Step 3: Test those predictions by experiments or further observations and modify the hypothesis in the light of your results.

This step is the most important of the four steps. Having already made your prediction, you can then test the accuracy of it in light of further observations. If, in the example presented in step 2, your current regimen is calculated according to your 1 rep maximum lift, and you are presently working at 75% of that one rep maximum, if your goal is 2 repetitions at 90% of the 1RM, you will be able to accurately assess whether such a feat is possible. If you are able to exceed 2 repetitions, it is logical to conclude that your 1RM has increased and you are, therefore, stronger.

    Step 4: Repeat steps 3 and 4 until there are no discrepancies between theory and experiment and/or observation.

Having your hypothesis and your data derived from testing [from the workout], you may then compare the two by the numbers and adjust them accordingly. It may be that you cannot perform the feat of 2 reps at 90% of your 1RM. You would then adjust your hypothesis and put your revised hypothesis to test. When you are able to meet hypothesis with data you can then make a conclusion as to the true value of your 1RM.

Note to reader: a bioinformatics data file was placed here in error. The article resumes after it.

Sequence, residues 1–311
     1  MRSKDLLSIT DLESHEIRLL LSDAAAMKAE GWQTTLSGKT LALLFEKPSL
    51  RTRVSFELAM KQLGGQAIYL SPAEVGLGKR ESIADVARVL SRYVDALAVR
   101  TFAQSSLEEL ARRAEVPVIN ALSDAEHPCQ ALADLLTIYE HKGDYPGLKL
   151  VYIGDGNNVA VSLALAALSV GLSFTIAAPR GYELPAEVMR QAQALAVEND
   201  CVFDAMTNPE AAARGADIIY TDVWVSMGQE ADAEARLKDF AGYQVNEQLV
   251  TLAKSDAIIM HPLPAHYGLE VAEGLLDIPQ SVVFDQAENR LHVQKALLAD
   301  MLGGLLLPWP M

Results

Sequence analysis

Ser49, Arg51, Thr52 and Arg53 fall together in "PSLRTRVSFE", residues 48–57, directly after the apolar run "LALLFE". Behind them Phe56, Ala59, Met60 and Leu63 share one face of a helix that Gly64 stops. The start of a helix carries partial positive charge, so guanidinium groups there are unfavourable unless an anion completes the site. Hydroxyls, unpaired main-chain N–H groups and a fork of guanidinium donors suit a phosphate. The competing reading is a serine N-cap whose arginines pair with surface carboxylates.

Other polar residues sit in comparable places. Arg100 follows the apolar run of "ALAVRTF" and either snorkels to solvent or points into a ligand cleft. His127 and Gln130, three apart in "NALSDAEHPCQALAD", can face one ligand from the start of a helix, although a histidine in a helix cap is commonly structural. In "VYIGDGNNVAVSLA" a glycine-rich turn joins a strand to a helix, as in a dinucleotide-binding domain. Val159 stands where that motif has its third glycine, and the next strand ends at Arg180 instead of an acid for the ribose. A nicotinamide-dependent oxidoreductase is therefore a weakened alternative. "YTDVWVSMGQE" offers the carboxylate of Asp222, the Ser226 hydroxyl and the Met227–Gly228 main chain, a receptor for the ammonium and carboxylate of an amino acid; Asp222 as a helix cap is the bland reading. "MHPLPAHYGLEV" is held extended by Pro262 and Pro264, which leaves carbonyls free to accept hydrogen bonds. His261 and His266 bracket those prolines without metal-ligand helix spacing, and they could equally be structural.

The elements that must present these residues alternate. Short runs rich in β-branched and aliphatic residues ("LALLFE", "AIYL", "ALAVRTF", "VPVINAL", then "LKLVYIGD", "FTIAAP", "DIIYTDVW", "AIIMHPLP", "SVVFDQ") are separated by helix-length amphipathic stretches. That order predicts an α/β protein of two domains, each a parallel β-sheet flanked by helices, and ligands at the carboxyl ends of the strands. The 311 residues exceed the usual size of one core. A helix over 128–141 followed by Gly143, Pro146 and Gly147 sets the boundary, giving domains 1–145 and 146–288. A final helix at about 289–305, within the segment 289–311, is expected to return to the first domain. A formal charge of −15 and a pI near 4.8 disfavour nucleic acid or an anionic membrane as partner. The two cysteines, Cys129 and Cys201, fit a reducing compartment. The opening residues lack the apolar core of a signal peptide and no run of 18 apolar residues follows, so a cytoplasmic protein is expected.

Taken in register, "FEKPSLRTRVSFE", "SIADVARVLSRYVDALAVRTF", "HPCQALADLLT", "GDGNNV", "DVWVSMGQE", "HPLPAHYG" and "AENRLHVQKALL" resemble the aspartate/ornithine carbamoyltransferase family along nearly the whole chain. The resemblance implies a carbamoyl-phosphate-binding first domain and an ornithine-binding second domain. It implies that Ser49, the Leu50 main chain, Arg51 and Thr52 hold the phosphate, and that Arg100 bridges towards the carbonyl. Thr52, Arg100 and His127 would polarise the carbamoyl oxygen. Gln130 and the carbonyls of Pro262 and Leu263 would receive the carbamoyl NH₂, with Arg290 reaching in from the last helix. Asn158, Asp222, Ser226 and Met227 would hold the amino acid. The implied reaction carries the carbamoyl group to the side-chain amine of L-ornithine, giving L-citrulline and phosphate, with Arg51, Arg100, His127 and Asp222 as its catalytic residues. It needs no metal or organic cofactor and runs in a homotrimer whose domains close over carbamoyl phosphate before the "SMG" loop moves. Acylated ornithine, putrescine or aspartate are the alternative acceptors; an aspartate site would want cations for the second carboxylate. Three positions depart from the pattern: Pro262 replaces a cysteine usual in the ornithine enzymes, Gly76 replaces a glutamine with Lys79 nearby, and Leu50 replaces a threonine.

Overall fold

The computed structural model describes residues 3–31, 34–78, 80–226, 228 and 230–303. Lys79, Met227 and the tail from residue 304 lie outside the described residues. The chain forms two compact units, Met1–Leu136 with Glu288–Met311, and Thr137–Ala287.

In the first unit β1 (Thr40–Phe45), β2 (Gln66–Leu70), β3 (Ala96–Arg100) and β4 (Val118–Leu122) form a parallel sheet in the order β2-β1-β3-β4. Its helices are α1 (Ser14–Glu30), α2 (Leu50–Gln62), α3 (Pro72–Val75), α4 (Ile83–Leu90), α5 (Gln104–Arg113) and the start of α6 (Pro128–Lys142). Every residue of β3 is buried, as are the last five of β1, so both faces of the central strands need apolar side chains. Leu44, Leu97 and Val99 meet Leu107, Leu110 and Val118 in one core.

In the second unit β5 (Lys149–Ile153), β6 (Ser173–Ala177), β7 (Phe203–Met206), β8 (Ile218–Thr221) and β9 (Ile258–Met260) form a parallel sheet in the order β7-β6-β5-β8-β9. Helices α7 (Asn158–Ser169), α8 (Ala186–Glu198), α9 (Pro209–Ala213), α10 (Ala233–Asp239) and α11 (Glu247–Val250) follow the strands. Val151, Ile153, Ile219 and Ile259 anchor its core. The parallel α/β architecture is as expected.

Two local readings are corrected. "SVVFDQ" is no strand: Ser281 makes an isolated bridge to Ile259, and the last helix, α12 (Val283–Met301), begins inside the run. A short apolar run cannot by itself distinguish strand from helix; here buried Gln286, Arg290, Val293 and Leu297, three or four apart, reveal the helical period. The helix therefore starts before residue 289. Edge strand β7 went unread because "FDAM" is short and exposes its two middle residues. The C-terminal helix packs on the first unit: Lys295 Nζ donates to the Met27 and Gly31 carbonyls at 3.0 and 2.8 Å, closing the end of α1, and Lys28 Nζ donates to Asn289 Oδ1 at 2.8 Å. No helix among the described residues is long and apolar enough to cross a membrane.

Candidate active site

Or, as the alternative, you can go back to "trying harder" and wondering if you "have what it takes to make it pro." The smarter philosophy and option of the two scenarios is more than obvious.

Bonus: Calculating Your 1 Rep Max

Do you want to find out how strong you are? Sure we all do. Need to know what your one rep max is for a new workout program based on percentages? It is simple! Use the following calculator and table to figure it out. Of course, this is only an estimate. Your actual one rep max could be higher or lower! (Hopefully higher!)

1 Rep Max Calculator

Weight Lifted In Pounds:

Number of Reps:

Your Approximate 1 Rep Max is

-> Why People Don't See Results:

Being a bodybuilder, it is my firm conclusion that bodybuilders and fitness athletes fail to see results from their endeavors because they:

  • Have the wrong mindset and psycho-epistemology
  • Have failed to explicitly define their objectives
  • Have failed to utilize the scientific method in their training programs

Quite obviously, the world is a physical domain. Planet Earth is composed of chemicals, compounds, nutrients and minerals. Human beings are also composed of minerals and chemicals. As a result, we are the product of the physical universe, and we are subject to its laws.

Science is the study of the physical world via the senses. Empiricism is the method by which science observes the world. Accordingly, one must utilize science and the senses to determine the functioning of the human organism.